Patient Education

To help you understand and navigate through your orthopedic health decisions, we have created a patient education section. Please select from one of the categories below to learn more about your condition or procedure.
Mallet Finger

Mallet finger, also known as baseball finger or drop finger, is a condition where the tendon that straightens the tip of the finger or thumb is torn or ruptured, causing the fingertip to droop or bend downward.

Common Symptoms

The primary symptoms of mallet finger include:

  • Pain, swelling, and bruising around the fingertip
  • Inability to straighten or extend the fingertip without assistance
  • Drooping or bending of the fingertip
  • Redness or blood under the fingernail
  • Difficulty gripping objects

Cause & Anatomy

Mallet finger is typically caused by a forceful impact or jamming of the fingertip, which can rupture or tear the extensor tendon or break the bone that straightens the finger. This injury is common in sports like baseball, basketball, and volleyball, where a ball or other object can strike the fingertip.

The key anatomical structure involved in mallet finger is the extensor tendon, which attaches to the base of the distal phalanx (the bone in the fingertip) and allows the finger to straighten or extend. When this tendon is torn or ruptured, or the bone is broken, the fingertip cannot be actively extended.


Mallet finger is typically diagnosed through a physical examination, where the healthcare provider will observe the drooping fingertip and test the patient’s ability to straighten the finger actively. X-rays or other imaging tests may be ordered to check for fractures or other associated injuries.


To prevent mallet finger injuries, it is recommended to wear protective gear, such as gloves or finger guards, when participating in sports or activities with a high risk of finger injuries. Proper technique and caution should also be exercised when handling balls or other objects that could strike the fingertips.

Non-Surgical Treatment

For less severe cases without fractures, the primary treatment is immobilization of the affected finger in an extended position using a splint or tape for several weeks to allow the tendon to heal. Immobilization of 8 weeks or more is common. Keeping the digit straight at all times is critical. It is just as important to move the other parts of the finger and hand. The splint must be just the right size and length.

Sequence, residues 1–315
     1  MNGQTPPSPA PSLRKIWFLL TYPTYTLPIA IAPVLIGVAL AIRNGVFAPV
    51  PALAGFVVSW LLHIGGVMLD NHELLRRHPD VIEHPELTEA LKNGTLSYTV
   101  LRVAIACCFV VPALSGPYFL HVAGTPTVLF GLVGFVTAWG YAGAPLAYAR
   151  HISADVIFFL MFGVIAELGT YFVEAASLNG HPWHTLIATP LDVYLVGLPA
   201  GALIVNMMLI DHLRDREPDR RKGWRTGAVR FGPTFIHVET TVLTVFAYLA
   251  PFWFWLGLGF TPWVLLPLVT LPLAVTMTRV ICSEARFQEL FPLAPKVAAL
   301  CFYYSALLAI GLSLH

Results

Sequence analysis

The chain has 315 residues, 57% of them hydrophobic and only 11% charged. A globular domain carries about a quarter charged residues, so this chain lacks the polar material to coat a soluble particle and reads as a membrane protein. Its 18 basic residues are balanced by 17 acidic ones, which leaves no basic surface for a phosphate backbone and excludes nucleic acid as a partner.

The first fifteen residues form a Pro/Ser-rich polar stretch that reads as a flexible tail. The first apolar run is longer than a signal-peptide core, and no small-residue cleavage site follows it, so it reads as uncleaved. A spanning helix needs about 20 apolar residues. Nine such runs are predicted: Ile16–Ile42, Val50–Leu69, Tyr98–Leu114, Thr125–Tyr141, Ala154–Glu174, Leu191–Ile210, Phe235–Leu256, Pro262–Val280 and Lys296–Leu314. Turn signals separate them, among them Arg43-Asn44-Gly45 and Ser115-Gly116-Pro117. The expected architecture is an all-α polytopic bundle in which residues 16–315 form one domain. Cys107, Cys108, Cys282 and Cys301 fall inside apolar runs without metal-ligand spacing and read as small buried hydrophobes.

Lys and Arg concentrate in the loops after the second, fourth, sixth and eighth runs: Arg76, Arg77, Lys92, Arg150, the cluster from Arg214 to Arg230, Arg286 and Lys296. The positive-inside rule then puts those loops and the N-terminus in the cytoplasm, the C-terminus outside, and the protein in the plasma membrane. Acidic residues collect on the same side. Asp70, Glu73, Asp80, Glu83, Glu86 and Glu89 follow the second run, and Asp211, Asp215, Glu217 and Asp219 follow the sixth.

Surgery may be required for more severe cases involving fractures, joint misalignment, or significant tendon damage. The surgery may involve reattaching the tendon, fixing bone fragments, or fusing the joint.


After surgical treatment, physical therapy and rehabilitation exercises are crucial for regaining finger strength, mobility, and function. This may involve range-of-motion exercises, stretching, soft tissue massage, and strengthening exercises for the hand and finger muscles.


Can mallet finger heal on its own?
While minor cases may heal with proper splinting, more severe injuries often require medical treatment or surgery to ensure proper healing and prevent long-term deformity or loss of function.

How long does it take for a mallet finger to heal?
The healing time can vary depending on the severity of the injury and the treatment method. Non-surgical cases may take 8 – 12 weeks of splinting, while surgical cases may require several months of rehabilitation.

Can you still move your finger with mallet finger?
While the fingertip cannot be actively extended due to the tendon injury, the rest of the finger may still have some mobility depending on the extent of the injury.

Is surgery always necessary for mallet finger?
No, surgery is not always necessary. Most cases can be treated successfully with splinting and immobilization, especially if there are no fractures or significant tendon damage. But it is critical to have the correct splinting and timing of the splint wear.

A lag in the extension compared to the other fingers is typical after treatment.

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